Catholic Theological Union Learn@CTUCatholics on CallCatholic Common Ground InitiativePeacebuilders Initiative
Follow CTU on Facebook
CTU Twitter feed
CTU on Google+

Palm Sunday (B)

Is 50:4-7; Phil 2:6-11; Mk 14:1-15:47

April 1, 2012

I have no memory. Every Palm Sunday I join the parade of parishioners, waving palm branches and singing "Hosanna" as we process into church. Each year, I am utterly devastated when the Gospel is read. The happy hosannas are drowned in the refrain "Were you there?" and I am reminded again that the way of Jesus is the way of the cross.

All of our readings prepare us for this solemn realization. The first reading, from the Book of Isaiah, is the third of four "servant songs" which speak of the profound commitment of the prophet known as Second Isaiah. In the preceding "songs" or oracles (Isa 42:1-4; 49: 1-7), the servant is described as having been formed in the womb for his task. He receives God's spirit. Not crying out in the street nor breaking the bruised reed, he brings justice. This servant is to be a light to the nations so that God's salvation reaches all the earth. But in this, the third oracle, the servant's words of encouragement are met with hostility. He is beaten and spit upon. In the fourth and final Servant Song (Isa 52:13-53:12), his suffering will escalate until after beatings and harsh treatment he is killed. But his sacrifice will become an atonement for the sins the people. The person known as Second Isaiah lived in Babylon during Israel's Exile in the mid-6th century B.C.E., but Christians readily see the prophesy of Christ's passion and his redemptive sacrifice in the depiction of the Suffering Servant.

The theme of suffering is also found in the second reading, where Paul quotes an early Christian hymn. Christ Jesus willingly empties himself of his divinity in order to take on human likeness, becoming obedient even unto death. The hymn shares some features with the Suffering Servant songs. In the context of Paul's Letter to the Philippians, the hymn serves to remind the believers that like Christ, they, too, are to be obedient (Phil 2:12), living as blameless children of God and shining as lights to the world (Phil 2:15).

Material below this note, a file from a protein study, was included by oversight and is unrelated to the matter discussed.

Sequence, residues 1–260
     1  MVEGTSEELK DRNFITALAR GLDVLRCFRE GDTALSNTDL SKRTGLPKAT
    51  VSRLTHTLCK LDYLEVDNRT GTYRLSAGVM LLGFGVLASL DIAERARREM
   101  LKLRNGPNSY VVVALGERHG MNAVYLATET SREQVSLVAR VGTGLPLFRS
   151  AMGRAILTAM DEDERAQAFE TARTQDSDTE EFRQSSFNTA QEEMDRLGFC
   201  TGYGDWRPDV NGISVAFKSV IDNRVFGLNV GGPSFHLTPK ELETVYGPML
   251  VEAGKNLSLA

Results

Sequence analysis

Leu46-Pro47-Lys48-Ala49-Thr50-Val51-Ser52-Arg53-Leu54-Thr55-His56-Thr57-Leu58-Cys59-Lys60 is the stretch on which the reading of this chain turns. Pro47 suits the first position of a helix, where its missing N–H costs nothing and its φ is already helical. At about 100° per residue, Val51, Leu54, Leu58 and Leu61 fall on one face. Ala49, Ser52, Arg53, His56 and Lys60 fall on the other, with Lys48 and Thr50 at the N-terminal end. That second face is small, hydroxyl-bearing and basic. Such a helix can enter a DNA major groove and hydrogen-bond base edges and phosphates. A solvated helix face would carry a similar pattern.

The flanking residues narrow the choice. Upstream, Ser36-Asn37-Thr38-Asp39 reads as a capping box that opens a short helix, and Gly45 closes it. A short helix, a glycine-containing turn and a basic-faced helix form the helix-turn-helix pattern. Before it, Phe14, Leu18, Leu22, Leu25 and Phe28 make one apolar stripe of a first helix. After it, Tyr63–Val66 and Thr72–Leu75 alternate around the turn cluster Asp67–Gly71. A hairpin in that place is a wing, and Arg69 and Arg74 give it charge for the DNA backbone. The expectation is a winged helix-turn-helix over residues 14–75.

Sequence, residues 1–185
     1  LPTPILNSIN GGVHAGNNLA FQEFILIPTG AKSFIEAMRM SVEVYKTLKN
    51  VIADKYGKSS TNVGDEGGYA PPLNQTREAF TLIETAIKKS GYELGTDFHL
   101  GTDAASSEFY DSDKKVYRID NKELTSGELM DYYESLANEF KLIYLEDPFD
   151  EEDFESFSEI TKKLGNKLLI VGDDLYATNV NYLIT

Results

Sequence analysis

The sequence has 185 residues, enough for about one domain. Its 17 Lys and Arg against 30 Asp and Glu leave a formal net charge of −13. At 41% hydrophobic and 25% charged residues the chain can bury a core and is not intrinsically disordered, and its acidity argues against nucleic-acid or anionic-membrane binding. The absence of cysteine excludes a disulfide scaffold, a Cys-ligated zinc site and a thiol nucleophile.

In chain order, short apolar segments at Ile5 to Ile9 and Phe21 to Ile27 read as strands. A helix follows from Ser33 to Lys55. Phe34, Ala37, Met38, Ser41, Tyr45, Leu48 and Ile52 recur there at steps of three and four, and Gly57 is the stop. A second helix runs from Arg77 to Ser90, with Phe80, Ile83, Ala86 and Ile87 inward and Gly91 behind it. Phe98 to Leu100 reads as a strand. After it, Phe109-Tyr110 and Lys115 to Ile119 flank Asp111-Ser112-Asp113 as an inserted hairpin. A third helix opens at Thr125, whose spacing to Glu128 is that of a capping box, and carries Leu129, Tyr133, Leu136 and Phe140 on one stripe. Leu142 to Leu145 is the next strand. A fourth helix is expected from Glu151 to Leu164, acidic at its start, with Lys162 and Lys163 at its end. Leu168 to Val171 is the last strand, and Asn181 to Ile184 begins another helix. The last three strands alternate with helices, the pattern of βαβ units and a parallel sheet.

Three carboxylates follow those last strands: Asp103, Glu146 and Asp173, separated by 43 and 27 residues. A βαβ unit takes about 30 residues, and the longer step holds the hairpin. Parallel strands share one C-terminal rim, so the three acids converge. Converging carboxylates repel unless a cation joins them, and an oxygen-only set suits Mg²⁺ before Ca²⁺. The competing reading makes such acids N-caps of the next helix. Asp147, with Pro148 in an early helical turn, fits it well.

The Gospel shatters the joyful spirit evoked by the reading of Jesus' triumphal entry into Jerusalem which opens the Palm Sunday liturgy. Scholars have called the Gospel of Mark a passion narrative with a long introduction. Indeed, Mark's focus is to demonstrate that Jesus' true identity is only understood through the Passion. He is the Son of God who is also the Suffering Son of Man.

Today's reading from Mark's Gospel begins with the anointing at Bethany by a nameless woman in the house of Simon the leper. Jesus recognizes her action as the prophetic anointing of his body for burial. It will end with Mary Magdalene and Mary the mother of Jesus observing where Jesus' crucified body is laid. Between anointing and burial, Jesus is betrayed by Judas Iscariot, arrested in the garden of Gethsemane, denied by Peter, condemned by the Sanhedrin, sentenced by Pilate and crucified on Golgotha. He is spit upon, struck, mocked, stripped and drugged. The horror of the Suffering Servant is visited upon the Marcan Jesus. The passage concludes with the silence of the sealed tomb. But the believer knows that's not the end of the story.

By Laurie Brink, O.P., Associate Professor of New Testament Studies

© Copyright 2012 Catholic Theological Union. All Rights Reserved.